The relationship between arterial hypertension and cognitive decline, two among the conditions with higher prevalence in the elderly population, has gained significant interest, in the scientific community, during the last few years, stemming from the numerous epidemiologic, experimental, and therapeutic evidences suggesting a noncasual correlation between the two conditions. In fact, the brain, for its substantial metabolic and functional complexity, is more susceptible to the harmful effect of high blood pressure than the other target organs. Chronic ischaemic impairment, microvascular damage, and neurodegenerative phenomena are the likely pathophysiologic basis for the correlation between hypertension and cognitive decline. Vascular dementia and Alzheimer's disease, the two prominent forms of senile dementia, seem to represent the end result of the chronic exposure, during the lifetime, to harmful stimuli, among which the most relevant are the cardiovascular risk factors, at least from an epidemiological perspective. Evidences from interventional studies, although limited, seems to support the concept that to limit the spread of senile dementia, the early optimization of the control of cardiovascular risk factors, first and foremost hypertension, is crucial. The occurrence of a variable degree of mental decline, till overt dementia, in the hypertensive patient, represents the final step of a pathophysiologic process that began many years before. There is, then, the clear opportunity to control the pathophysiologic mechanisms leading to cognitive decline in the hypertensive patient.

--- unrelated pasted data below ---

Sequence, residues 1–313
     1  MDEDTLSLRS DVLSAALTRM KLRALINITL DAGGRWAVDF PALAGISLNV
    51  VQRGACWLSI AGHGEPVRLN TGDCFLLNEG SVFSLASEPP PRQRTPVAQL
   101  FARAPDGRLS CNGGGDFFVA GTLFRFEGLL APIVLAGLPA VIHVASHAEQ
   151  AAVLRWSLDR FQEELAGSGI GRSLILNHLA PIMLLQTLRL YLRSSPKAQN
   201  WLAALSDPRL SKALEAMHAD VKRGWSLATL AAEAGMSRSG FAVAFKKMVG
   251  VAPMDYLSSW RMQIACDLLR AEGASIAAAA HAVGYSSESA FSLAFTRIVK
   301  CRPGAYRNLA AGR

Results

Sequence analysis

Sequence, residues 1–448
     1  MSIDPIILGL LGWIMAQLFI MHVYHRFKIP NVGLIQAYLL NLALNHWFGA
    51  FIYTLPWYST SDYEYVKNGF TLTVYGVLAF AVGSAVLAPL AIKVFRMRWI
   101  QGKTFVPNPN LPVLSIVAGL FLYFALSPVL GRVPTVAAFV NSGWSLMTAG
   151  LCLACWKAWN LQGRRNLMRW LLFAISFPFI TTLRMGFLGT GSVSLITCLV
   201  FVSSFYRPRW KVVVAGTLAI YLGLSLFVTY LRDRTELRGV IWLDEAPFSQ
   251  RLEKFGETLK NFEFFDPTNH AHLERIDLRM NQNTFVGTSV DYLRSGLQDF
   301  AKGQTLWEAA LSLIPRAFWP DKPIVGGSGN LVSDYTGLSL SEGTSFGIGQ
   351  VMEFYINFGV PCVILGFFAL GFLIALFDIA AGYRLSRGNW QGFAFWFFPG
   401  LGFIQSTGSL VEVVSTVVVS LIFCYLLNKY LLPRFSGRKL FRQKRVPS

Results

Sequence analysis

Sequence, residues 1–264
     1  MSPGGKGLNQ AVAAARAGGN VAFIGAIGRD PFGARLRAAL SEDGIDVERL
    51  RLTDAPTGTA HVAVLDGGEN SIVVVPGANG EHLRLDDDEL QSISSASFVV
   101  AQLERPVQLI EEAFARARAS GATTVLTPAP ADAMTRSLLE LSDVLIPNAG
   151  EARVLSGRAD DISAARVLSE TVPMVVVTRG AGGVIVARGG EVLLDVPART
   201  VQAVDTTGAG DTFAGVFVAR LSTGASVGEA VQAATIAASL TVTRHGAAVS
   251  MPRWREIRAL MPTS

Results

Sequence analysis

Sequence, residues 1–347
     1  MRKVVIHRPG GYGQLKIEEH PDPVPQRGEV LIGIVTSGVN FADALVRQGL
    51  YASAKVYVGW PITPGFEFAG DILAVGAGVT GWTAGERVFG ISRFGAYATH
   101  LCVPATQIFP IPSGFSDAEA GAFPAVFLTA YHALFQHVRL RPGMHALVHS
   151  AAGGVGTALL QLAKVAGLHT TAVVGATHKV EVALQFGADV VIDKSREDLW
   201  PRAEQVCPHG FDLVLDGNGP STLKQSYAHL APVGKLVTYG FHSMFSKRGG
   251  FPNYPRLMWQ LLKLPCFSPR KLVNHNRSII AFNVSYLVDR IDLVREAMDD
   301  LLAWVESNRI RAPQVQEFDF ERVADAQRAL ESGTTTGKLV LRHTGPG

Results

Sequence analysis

Is there a relationship between blood pressure values and dementia?

Desideri G.
;
2020

Abstract

The relationship between arterial hypertension and cognitive decline, two among the conditions with higher prevalence in the elderly population, has gained significant interest, in the scientific community, during the last few years, stemming from the numerous epidemiologic, experimental, and therapeutic evidences suggesting a noncasual correlation between the two conditions. In fact, the brain, for its substantial metabolic and functional complexity, is more susceptible to the harmful effect of high blood pressure than the other target organs. Chronic ischaemic impairment, microvascular damage, and neurodegenerative phenomena are the likely pathophysiologic basis for the correlation between hypertension and cognitive decline. Vascular dementia and Alzheimer's disease, the two prominent forms of senile dementia, seem to represent the end result of the chronic exposure, during the lifetime, to harmful stimuli, among which the most relevant are the cardiovascular risk factors, at least from an epidemiological perspective. Evidences from interventional studies, although limited, seems to support the concept that to limit the spread of senile dementia, the early optimization of the control of cardiovascular risk factors, first and foremost hypertension, is crucial. The occurrence of a variable degree of mental decline, till overt dementia, in the hypertensive patient, represents the final step of a pathophysiologic process that began many years before. There is, then, the clear opportunity to control the pathophysiologic mechanisms leading to cognitive decline in the hypertensive patient.
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Utilizza questo identificativo per citare o creare un link a questo documento: https://hdl.handle.net/11697/163096
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